The first question I ask Tallur L.N. — the artist whose exhibition, “Interference Fringe,” is on view at Grounds For Sculpture through January 5, 2020 — is how to use his name with a courtesy title. Is he, for example, Mr. Tallur? Mr. L.N.?
Just Tallur, he says. Tallur (pronounced “tahl-loor” with the accent on the second syllable) is the name of his ancestral village in India. It would be like calling a native of the township in which Grounds For Sculpture is sited “Hamilton.” Further investigation reveals that L.N. stands for Lakshmi Narayan and the village of Tallur is in Karnataka.
Asked if he thinks in English or his native dialect, he shakes his head to both. He thinks in art.
“Interference Fringe” includes 27 sculptures in a range of media: found objects, appropriated industrial machines, carved stone and wood, cast bronze, and works embedded in concrete and coated in bone meal. The show is billed as Tallur’s first and most significant survey exhibition in the U.S. — he has had solo exhibitions in Germany, South Korea, India, and China.
Grounds For Sculpture Executive Director Gary Garrido Schneider, who curated the exhibition, first discovered Tallur in New York, and the museum subsequently purchased his sculpture “Obituary Note” for outdoor exhibition.
“Obituary Note” incorporates a replica of a bronze dancing Shiva, with burned wood typically used in a funeral pyre and taking the form of a globe. It is typical Tallur, employing a replica of a traditional work from art history that is now sold as a trinket in souvenir shops along with a contemporary material that plays off of the replica. “With its references to global capitalism, it fills a gap here,” says Schneider, who has devoted both the Domestic Arts and Museum buildings for this exhibition.
Along his journey toward becoming an exhibiting artist, Tallur earned a master’s degree in museology, and the study of how to exhibit works in museums informs his own work. One installation is on scaffolding — museum-goers can climb on it and interact with the work. He compares it to a contemporary display case, a cabinet of curiosities, dynamic and utilitarian, allowing a viewer to look both forward and back. “It allows us to look but does not box us in.”
“The scaffolding interferes with our ability to look at a single sculpture and upends typical standards of museum display,” says Schneider. “Its architecture challenges us with obstructed views and partial access. This intervention tempts us to climb upstairs to an observation deck and take in multiple vantage points but simultaneously prevents us from getting too close to the objects. Much like the works it holds this clever staging device deliberately makes it difficult to decipher the symbols the sculptures allude to and subvert.”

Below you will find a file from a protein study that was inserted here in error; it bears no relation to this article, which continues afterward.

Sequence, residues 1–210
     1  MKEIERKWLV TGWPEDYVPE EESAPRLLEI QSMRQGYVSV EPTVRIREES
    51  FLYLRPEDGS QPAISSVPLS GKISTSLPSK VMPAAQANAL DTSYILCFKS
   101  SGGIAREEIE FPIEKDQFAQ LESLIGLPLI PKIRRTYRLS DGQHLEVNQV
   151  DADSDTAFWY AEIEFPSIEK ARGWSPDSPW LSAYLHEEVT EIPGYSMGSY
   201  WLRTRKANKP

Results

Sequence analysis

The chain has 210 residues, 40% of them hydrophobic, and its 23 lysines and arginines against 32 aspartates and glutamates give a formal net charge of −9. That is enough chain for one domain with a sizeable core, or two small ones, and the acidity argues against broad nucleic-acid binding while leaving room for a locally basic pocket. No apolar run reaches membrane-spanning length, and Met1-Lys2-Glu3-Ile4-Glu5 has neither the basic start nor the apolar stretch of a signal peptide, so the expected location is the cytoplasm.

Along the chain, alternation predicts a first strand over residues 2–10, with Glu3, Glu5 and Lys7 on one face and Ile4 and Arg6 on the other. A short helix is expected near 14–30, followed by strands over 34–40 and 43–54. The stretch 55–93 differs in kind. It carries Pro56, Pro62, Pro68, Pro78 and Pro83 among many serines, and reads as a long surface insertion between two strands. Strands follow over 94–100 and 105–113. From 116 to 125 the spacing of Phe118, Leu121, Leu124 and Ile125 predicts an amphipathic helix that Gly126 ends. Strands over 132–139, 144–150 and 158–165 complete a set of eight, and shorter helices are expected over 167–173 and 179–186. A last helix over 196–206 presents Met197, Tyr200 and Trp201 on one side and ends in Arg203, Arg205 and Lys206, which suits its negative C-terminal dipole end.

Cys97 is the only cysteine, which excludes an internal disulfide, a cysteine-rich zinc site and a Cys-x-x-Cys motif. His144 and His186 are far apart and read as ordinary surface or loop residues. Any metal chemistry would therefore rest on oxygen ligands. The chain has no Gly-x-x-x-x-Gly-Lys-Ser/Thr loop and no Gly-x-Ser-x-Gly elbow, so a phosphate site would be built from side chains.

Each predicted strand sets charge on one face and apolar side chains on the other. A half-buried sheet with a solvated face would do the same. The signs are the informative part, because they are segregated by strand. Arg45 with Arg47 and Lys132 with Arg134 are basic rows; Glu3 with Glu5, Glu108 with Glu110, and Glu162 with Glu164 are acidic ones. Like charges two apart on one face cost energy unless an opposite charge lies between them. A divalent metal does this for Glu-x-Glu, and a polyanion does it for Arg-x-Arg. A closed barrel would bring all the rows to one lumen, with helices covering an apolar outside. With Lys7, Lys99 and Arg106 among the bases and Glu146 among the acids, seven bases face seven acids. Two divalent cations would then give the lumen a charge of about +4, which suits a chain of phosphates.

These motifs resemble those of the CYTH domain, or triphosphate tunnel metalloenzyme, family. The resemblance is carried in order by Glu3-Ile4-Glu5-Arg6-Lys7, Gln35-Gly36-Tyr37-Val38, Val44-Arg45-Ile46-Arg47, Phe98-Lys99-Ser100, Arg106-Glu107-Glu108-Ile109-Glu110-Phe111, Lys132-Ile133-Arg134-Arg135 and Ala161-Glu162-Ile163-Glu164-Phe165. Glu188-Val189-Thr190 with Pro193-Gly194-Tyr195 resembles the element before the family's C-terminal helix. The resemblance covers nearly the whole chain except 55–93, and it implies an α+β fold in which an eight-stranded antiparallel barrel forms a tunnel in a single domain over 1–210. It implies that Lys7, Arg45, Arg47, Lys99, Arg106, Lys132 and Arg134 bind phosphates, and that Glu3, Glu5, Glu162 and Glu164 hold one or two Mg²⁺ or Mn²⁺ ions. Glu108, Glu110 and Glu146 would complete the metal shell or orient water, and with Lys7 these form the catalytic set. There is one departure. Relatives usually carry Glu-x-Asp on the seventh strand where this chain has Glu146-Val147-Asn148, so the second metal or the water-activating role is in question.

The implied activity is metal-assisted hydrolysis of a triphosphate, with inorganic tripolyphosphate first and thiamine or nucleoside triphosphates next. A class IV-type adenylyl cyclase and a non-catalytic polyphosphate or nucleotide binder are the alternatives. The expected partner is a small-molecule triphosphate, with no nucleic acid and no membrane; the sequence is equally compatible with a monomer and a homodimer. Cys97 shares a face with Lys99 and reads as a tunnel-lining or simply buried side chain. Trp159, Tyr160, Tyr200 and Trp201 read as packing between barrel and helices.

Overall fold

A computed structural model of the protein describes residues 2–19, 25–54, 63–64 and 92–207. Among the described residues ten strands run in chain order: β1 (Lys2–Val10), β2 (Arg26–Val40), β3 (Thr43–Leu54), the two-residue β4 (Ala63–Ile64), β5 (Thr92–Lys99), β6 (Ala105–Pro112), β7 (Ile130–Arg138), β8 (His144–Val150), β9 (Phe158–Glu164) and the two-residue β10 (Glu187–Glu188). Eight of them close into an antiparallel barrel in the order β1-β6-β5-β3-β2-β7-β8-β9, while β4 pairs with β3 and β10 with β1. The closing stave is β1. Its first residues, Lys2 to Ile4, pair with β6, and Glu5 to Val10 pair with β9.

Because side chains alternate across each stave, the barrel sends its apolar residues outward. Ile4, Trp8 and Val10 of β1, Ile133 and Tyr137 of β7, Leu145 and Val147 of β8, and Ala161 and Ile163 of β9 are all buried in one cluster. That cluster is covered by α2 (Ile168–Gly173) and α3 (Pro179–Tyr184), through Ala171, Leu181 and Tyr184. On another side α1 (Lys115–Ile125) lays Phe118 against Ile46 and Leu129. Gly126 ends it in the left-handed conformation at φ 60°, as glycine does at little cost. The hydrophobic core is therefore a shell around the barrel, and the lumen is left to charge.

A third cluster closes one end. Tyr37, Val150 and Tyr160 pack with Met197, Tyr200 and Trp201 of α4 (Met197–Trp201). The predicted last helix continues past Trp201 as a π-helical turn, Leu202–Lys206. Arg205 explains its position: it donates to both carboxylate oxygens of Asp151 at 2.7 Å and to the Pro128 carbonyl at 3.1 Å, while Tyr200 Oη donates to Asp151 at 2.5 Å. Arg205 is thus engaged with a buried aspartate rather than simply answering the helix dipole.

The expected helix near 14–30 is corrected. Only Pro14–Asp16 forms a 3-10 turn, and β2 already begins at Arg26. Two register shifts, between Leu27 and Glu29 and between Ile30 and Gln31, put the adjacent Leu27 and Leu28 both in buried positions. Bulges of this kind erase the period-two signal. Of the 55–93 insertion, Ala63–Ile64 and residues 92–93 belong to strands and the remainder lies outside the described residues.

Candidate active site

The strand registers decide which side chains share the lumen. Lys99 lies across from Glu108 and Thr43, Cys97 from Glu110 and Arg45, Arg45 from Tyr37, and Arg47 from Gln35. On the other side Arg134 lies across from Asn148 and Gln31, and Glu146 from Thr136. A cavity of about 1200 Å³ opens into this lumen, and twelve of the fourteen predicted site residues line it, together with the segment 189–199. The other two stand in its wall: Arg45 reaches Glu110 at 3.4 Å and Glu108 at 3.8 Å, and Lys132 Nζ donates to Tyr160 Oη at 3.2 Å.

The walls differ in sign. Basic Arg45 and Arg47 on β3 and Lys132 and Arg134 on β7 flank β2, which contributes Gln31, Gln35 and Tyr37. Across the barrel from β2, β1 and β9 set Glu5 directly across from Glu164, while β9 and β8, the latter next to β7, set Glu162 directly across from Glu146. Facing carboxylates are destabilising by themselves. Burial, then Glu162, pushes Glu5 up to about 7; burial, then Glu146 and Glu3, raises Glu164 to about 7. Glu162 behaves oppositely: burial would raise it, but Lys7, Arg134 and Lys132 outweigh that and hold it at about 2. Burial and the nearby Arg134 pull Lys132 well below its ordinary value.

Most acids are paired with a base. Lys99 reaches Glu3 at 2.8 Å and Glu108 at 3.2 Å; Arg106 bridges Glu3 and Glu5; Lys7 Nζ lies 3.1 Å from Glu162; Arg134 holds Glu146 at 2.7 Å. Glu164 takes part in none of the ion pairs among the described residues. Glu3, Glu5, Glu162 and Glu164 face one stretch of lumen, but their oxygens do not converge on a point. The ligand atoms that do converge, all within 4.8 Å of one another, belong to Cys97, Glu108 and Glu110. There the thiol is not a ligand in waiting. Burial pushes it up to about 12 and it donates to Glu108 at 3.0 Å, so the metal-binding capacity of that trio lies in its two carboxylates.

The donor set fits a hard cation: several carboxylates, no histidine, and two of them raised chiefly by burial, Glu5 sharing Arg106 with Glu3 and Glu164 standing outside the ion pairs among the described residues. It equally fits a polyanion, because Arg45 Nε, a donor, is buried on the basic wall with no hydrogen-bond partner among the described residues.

Tallur responds to classical works of art, as well as stereotypes, in an amused and contemporary way. He looks at the ways nails are used in world cultures. For example, he says, a yogi sleeping on a bed of nails is a typical Indian stereotype. There is also the symbolism of nailing to the cross in Christianity, and we often talk about being nailed down, or nailing it down. Tallur includes a nail making machine, as well as his own take on a sculpture of an angel he saw exhibited at New York’s Metropolitan Museum, carrying a nail (signifying crucifixion), alongside a yogi on a bed of nails.
He is interested in money and the value we place on it: the greed common to many cultures. Coins can be found embedded in his works and suggest the monetization of religious icons and art history. In another installation, “Apocalypse” (2010), viewers must squeeze through jail-like bars and are invited to deposit coins into an industrial polishing machine. Following Tallur’s careful instructions, the coins become “civilized” and are polished with little nails to the point of denuding their value. “As we are grinding away, eroding, we are building and finding a new way of adding on,” says Tallur. (A sign lets viewers know they can place an order at the front desk to get their denuded coin back, “civilized,” and mounted on a mirrored plate.)
Another work, “Chromathophobia” — fear of money — comprises a wooden log over a concrete Buddha that has been stamped “Made in China.” Adjacent is a wall of hammers; viewers are invited to hammer coins into the log. On opening weekend visitors flocked to find a spot in which to hammer their money into an already coin-encrusted piece of wood. “It’s very good therapy — it makes people think about money,” he says.
In “Enlightenment Machine” he offers viewers kitsch replicas of the Statue of Liberty and invites them to grind them on a grinding machine. We create cheap replicas of these antiques, he points out, mass producing them and becoming complicit in degrading them.
Tallur “employs” termites to be participants in the creation of some of the works, causing the accelerated erosion of the wood. One work, “Alzheimer’s,” is particularly haunting, the wooden figure eaten away just as memories of a person with the disease can be. This particular wooden sculpture is a “bhoota” figure, typically carved and sold near village temples around Karnataka, a ceremonial prop that is typically used to ward off evil. With Alzheimer’s, there is also the cultural memory that is lost, he notes.